In the aftermath of the Third Carlist War (1876), Arana attended the Jesuit School of Orduña along with his brother Luis (1876–1881). Orduña became a hotspot and meeting point for the pro-fueros, primeval Basque nationalists concerned with the loss of the Basque native institutions.[1] Arana claimed that he had a quasi-religious revelation at Easter 1882,[2] one that he communicated to his brother Luis Arana. From then he devoted himself to the nationalist cause of Biscay, later extended to the Basque Country.

Basque language proponent[edit]

The Basque ikurriña flag is a joint design of the Arana brothers.

He was an early proponent of the use of the Basque language in all areas of society to avoid its increasing marginalization in the face of Spanish language penetration, which was imposed as mandatory in schooling, administration and even cultural events such as theater.

Arana learned the language as a young man, and competed for a position as a Basque language professor at the Instituto de Bilbao, contending against Miguel de Unamuno and the winner, Resurrección María de Azkue who also became a scholar of the language. Arana attempted to establish a codified orthography[3] and grammar for the Basque language, and proposed several neologisms to replace loanwords of Spanish origin.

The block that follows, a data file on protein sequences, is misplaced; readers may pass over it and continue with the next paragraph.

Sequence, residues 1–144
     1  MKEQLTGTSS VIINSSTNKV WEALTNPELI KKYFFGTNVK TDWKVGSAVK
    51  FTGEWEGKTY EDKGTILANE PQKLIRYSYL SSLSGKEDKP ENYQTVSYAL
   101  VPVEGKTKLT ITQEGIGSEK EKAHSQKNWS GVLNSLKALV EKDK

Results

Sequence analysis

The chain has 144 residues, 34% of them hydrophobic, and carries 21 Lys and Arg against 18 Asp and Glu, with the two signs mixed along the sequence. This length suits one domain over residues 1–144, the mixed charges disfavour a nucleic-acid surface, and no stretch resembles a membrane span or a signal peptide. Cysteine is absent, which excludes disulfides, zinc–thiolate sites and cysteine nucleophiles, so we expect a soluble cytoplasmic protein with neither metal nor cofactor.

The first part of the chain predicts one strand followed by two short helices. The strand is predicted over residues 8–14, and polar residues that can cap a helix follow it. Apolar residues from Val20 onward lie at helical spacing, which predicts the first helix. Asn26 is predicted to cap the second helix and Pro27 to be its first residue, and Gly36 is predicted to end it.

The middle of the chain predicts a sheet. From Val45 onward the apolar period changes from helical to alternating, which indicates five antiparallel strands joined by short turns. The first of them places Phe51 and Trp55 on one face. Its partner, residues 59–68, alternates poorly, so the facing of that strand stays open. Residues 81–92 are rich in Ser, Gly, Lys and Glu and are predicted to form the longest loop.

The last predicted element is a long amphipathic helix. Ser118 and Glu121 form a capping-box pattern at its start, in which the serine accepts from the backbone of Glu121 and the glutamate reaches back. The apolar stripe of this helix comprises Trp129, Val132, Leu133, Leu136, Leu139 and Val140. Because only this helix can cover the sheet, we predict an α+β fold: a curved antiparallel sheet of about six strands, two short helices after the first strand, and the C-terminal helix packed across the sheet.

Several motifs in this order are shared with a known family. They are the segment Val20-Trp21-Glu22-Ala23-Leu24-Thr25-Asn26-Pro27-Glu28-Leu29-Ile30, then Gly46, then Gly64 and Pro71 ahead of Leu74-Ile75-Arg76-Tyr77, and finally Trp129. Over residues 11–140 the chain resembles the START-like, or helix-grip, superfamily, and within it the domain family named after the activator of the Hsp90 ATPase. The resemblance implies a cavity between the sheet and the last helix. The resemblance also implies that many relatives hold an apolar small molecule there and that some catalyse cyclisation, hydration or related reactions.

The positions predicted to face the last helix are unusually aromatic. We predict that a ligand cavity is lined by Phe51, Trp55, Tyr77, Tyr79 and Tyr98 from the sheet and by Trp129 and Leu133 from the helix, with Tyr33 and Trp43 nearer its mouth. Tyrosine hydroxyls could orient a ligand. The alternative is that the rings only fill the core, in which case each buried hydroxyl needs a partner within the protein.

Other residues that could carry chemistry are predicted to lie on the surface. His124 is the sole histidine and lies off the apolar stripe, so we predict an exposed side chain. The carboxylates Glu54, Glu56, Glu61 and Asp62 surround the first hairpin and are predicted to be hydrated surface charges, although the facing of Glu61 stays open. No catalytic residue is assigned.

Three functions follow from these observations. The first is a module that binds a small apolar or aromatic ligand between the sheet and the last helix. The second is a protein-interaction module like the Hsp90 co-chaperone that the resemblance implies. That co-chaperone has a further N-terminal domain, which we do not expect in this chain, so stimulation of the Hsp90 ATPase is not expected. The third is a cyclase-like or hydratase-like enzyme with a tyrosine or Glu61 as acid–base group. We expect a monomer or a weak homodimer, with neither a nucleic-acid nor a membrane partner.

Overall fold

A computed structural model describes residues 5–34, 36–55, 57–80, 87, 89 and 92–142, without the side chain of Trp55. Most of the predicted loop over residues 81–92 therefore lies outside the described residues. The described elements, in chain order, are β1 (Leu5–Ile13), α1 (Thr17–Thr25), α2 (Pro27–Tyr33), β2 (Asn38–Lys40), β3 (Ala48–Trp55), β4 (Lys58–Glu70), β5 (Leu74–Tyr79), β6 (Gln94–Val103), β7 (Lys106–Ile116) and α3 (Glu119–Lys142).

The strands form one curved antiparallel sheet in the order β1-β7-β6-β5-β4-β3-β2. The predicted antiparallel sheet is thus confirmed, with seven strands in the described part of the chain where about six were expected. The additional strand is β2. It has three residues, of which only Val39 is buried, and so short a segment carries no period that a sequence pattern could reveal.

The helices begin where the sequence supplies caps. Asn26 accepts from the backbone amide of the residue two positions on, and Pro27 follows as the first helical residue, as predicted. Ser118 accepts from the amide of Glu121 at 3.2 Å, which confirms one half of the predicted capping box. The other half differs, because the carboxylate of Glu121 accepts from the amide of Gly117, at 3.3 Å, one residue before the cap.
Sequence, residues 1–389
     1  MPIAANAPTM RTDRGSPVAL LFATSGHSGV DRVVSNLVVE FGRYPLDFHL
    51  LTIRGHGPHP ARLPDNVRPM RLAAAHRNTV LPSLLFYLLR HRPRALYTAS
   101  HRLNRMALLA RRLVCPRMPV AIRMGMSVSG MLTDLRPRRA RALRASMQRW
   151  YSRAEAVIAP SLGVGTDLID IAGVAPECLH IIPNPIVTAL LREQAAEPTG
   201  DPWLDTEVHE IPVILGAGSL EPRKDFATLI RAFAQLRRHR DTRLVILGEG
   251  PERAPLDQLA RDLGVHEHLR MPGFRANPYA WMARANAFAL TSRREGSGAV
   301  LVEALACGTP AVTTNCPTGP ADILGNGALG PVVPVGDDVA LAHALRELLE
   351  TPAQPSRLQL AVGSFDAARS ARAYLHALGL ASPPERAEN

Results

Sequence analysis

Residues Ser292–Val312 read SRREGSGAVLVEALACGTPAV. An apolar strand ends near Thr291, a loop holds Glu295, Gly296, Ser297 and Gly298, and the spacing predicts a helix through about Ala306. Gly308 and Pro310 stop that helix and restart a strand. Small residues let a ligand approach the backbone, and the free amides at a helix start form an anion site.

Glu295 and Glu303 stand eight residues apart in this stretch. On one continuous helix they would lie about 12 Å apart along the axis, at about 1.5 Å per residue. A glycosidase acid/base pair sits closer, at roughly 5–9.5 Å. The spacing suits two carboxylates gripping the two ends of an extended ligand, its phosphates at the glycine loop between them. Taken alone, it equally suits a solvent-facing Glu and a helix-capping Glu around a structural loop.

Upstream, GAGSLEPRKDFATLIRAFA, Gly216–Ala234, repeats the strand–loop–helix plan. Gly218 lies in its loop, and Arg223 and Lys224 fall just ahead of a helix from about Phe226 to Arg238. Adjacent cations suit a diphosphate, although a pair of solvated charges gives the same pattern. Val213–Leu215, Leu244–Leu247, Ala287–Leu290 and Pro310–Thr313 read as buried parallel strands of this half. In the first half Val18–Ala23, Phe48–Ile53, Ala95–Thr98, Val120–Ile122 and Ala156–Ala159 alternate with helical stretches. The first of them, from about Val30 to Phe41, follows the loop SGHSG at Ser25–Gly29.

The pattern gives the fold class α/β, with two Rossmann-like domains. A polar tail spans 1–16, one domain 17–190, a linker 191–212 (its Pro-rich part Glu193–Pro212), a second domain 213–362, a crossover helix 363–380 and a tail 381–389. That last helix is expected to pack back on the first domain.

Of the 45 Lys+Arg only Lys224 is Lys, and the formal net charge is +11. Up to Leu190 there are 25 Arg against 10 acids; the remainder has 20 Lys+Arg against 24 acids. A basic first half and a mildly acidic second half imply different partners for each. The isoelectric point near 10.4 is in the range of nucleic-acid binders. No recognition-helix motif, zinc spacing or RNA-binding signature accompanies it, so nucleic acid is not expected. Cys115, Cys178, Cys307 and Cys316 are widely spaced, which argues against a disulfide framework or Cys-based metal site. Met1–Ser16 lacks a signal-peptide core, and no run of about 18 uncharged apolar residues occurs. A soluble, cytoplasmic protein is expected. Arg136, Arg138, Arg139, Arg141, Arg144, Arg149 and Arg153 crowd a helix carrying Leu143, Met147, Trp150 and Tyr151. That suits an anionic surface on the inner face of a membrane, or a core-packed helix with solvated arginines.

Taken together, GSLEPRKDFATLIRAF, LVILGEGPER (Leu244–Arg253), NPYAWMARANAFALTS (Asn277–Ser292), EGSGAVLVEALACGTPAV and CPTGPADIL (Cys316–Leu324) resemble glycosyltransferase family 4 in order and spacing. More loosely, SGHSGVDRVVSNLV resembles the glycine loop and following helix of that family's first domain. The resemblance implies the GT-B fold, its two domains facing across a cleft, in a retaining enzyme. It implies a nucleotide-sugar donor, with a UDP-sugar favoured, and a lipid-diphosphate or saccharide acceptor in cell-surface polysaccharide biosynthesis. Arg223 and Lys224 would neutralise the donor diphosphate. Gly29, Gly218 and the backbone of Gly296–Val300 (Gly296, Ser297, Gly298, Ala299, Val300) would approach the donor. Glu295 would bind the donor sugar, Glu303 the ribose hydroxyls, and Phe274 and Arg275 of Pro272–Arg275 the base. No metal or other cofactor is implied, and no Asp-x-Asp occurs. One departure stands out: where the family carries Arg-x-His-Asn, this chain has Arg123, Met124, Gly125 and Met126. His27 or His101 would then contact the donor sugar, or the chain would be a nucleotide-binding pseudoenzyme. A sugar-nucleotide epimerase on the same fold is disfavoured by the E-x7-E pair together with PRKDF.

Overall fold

Some of these innovations, like the characters ĺ and ŕ, were ultimately rejected in Basque language standardization efforts beginning in 1968 that led to the establishment of Standard Basque—the Euskara Batua.


His first published work was Bizkaya por su independencia ("Biscay for its independence"), where he calls for the independence of the Biscay district from Castile-Spain ("as it was before 1200"), echoing like proposals put forward by Gipuzkoa's governmental representatives to the National Convention officials Pinet and Cavaignac in Getaria during the War of the Pyrenees (1793–1795).

The document is a collection of historical events, mythical stories and sometimes inaccurate accounts of earlier battles of the ancient people of Biscay. Just as others nationalist ideologies were doing during the period, e.g. Spanish nationalism, Arana's historic accounts distorted and magnified events from Basque history.[4]

Distancing himself from the pro-fueros advocates, Arana refused to demand a reversal of the fueros suppressed in May 1876, instead putting an emphasis on the full restoration of home rule suppressed in 1839. He considered the 1839 Spanish law 'upholding' home rule as the act putting an end to the Basque own sources of authority and 'secular Basque independence', as well as a violation of international law.[5]